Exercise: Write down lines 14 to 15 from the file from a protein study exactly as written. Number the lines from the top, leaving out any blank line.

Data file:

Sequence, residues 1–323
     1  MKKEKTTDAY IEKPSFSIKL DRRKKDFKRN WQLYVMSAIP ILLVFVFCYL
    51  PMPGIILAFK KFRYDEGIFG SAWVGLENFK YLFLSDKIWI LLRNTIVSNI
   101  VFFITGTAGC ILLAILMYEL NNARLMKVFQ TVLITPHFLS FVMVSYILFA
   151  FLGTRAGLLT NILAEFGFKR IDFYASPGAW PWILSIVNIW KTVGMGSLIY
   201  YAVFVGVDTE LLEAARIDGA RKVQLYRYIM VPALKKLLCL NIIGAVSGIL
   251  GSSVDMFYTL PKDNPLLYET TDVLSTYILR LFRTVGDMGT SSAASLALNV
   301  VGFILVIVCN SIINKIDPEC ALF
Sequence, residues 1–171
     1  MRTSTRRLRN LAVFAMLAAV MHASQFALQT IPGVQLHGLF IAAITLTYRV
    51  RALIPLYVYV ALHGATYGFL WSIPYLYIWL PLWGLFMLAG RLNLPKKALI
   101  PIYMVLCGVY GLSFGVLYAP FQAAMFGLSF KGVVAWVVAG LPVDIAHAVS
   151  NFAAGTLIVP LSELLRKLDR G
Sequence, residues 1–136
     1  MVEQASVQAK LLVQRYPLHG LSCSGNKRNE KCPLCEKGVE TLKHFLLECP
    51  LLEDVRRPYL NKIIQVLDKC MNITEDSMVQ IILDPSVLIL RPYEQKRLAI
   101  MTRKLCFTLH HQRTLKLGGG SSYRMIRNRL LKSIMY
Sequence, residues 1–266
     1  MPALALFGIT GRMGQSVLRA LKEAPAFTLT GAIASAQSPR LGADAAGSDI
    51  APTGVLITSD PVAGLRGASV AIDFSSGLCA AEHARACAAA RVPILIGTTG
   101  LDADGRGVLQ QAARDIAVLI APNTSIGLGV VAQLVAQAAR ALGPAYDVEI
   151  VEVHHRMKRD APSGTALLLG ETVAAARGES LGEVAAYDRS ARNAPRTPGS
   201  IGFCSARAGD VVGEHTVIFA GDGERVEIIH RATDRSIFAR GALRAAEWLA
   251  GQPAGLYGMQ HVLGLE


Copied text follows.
Sequence, residues 1–136
     1  MVEQASVQAK LLVQRYPLHG LSCSGNKRNE KCPLCEKGVE TLKHFLLECP